Man killed by Austin police officer identified

Darrin Martin was shot and killed by an APD officer on April 3, 2016. (TDCJ mugshot)
Darrin Martin was shot and killed by an APD officer on April 3, 2016. (TDCJ mugshot)

AUSTIN (KXAN) — The Austin Police Department says 25-year-old Darrin Andrew Martin was the man who an officer shot and killed during a shoot-out Sunday morning. The injured officer, 37-year-old Armando Perez, who was born and raised in San Antonio, has been with the department since November 2005 and his regular patrol is the downtown corridor.

Austin Police Association President Ken Casady told KXAN Monday night the officer is out of the hospital and at home on administrative leave.

Prior to the shooting, a 23-year-old concierge saw on live surveillance video of Martin breaking into cars. The concierge left his desk and began chasing the suspect while telling someone to call 911. The APD officer, who was on regular patrol, came upon the foot chase and called for backup.

Acevedo says the apartment employee knocked the suspect to the ground twice as the officer was trying to catch up to them. As the officer was trying to secure the suspect, Acevedo says you can hear the commands being given by the officer. “Let me see your hands, let me see your hands,” explains Acevedo during the news conference on Sunday.

As the officer called for more back-up, police say the concierge helped the officer with the suspect. “He is the first one who sees the gun and yells ‘gun,'” says Acevedo. “The suspect without any warning turned and took out a semiautomatic pistol and fired one shot at our officer.” The officer returned gunfire, shooting and killing Martin.

Austin police is launching a criminal investigation into the shooting, as well as an internal administrative investigation as to why the officer shot the suspect.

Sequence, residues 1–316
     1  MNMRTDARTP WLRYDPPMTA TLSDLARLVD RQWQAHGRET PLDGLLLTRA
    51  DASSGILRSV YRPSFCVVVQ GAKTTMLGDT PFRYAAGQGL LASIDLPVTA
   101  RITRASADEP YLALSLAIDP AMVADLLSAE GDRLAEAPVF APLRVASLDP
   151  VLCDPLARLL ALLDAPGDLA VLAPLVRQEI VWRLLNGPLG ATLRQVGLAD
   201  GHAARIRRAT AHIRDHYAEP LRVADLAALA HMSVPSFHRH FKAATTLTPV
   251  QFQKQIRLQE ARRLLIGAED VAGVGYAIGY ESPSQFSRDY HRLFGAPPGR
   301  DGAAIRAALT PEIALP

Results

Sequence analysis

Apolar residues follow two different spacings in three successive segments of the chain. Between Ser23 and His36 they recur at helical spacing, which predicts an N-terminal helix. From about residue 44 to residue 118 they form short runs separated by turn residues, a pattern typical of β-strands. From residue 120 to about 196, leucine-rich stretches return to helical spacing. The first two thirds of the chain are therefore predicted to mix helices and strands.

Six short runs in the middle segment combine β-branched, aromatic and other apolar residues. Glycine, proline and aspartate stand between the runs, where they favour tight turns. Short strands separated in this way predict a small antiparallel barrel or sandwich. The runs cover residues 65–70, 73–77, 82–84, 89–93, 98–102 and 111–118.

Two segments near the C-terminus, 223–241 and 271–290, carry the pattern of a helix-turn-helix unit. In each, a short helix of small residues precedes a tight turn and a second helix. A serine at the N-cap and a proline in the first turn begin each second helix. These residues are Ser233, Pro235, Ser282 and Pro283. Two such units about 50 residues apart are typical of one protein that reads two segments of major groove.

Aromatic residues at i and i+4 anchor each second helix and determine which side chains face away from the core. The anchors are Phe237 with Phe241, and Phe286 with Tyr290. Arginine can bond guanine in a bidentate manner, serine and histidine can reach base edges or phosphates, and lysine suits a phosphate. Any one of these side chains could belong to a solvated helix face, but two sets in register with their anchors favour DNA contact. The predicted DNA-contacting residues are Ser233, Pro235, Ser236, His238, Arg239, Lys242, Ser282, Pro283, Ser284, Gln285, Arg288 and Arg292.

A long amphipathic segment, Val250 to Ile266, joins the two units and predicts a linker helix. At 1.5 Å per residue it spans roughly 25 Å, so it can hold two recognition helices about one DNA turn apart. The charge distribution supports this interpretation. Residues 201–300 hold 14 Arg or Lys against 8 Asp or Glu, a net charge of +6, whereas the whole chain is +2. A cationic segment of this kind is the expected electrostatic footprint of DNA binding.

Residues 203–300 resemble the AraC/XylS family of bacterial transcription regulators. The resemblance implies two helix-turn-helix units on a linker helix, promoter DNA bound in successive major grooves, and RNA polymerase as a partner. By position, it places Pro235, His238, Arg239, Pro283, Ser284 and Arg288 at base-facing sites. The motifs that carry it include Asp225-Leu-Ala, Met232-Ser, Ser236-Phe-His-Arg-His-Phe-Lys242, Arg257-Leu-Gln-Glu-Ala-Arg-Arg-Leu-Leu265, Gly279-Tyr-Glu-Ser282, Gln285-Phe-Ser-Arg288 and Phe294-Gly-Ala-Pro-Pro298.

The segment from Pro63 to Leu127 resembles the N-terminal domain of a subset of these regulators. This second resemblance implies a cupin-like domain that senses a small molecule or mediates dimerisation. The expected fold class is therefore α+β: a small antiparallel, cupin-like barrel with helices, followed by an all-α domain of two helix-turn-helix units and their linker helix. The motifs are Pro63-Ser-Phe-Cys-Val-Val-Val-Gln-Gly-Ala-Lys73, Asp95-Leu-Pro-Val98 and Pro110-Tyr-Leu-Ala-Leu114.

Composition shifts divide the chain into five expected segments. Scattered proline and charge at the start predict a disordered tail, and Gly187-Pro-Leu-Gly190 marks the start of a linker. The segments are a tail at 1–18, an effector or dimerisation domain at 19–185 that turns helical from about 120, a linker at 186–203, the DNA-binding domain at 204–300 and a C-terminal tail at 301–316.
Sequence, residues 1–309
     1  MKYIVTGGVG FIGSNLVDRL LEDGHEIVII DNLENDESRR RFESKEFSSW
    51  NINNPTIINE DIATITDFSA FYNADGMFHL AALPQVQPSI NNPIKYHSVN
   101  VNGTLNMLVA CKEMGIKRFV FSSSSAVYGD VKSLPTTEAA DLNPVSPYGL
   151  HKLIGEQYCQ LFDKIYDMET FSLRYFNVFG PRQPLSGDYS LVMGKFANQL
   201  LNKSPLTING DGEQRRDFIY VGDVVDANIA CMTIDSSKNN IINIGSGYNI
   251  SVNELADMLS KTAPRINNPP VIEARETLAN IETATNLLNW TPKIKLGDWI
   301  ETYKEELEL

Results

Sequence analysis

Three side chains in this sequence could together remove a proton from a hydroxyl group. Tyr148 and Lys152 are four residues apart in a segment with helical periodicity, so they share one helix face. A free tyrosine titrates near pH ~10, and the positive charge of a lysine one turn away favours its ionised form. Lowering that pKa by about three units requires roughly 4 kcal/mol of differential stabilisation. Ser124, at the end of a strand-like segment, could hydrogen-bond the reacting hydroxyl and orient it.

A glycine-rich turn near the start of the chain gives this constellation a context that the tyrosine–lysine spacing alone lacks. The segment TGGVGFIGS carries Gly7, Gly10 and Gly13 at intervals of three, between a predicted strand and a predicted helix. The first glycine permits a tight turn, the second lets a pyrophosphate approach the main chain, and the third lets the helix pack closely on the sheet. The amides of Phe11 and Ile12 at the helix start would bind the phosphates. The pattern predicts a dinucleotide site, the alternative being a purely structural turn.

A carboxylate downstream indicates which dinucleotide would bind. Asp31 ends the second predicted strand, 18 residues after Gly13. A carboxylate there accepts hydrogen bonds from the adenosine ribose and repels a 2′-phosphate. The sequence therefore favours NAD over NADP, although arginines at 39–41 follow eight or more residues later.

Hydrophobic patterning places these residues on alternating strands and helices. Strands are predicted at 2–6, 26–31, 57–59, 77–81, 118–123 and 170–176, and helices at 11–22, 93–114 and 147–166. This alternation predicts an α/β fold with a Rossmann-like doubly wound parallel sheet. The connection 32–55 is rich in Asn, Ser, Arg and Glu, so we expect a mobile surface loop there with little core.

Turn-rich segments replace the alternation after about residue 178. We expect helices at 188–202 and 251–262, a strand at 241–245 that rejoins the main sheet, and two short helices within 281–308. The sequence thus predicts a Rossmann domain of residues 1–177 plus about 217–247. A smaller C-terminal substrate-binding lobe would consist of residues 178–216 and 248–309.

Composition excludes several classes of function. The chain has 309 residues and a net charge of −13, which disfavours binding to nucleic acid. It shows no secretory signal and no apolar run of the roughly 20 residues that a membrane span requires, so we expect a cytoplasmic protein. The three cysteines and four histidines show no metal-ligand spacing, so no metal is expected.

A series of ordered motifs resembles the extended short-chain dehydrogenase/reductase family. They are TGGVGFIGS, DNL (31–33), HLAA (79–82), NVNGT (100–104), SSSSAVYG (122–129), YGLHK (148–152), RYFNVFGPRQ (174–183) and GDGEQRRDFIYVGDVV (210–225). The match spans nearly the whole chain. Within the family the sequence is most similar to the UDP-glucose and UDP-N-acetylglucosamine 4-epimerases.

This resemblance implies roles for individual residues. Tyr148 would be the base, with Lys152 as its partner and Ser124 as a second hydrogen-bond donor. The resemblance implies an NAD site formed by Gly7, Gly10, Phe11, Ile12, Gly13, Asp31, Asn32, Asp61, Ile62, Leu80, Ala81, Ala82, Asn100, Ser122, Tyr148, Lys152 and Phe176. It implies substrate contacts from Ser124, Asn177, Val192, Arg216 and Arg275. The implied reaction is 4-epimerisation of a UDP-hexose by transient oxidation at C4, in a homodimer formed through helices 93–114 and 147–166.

The officer will be on paid administrative leave pending the completion of the investigations.

According to DPS criminal records, over the past eight years, he has been arrested and convicted of three crimes in the San Antonio area. In 2009, he was arrested on a theft charge and received deferred adjudication. In 2010, he was arrested by the San Antonio Police Department for a burglary of habitation charge and sentenced to five years in prison. In 2012, he was charged with unauthorized use of a vehicle. In December 2014, he was released on parole that was set to expire in September 2017.

Officer involved shooting at Fifth Street and West Avenue.
Officer involved shooting at Fifth Street and West Avenue.

Social Media Concerns

Chief Art Acevedo says the department took more than 24 hours to identify the officer involved due to security reasons. Acevedo says the department had a team working to properly secure Perez’s social media accounts as well as his friends and family’s accounts. Police say people who don’t see the officer’s actions as heroic could harass the officer and his family.

“Some of these illegitimate groups that don’t believe an officer has a right to defend themselves or anybody else will start trying to harass them and their families on Facebook, on social media,” Acevedo says. “It’s important for our officers to have time to check their security settings, tell their families to check their security settings.”

He’s talking about groups like Peaceful Streets Project, who have tweeted strong words at the police department.

“I have absolutely no interest in negotiation with them except for degrading them,” Joshua Pineda, a member of the group says.

Pineda has experienced negative encounters with law enforcement and does not trust them, he said.

“I want APD abolished, I want the police officer union abolished and I want something new established within the community with direct democratic representation,” Pineda says. He thinks communities should vote for their own officers to help with transparency and accountability.

When asked if the group would harass the officer’s family and friends, they said yes. “We would harass his family in the same way they harass other families within the communities by attacking the character and morality of his victims.”

“The things they say, the things they write are so vile, and there’s no accountability,” Acevedo says. “I don’t consider these people to be legitimate. And I think it’s important for the folks that report the news and watch the news to get a glimpse into the mind and the mindset of this particular group.”

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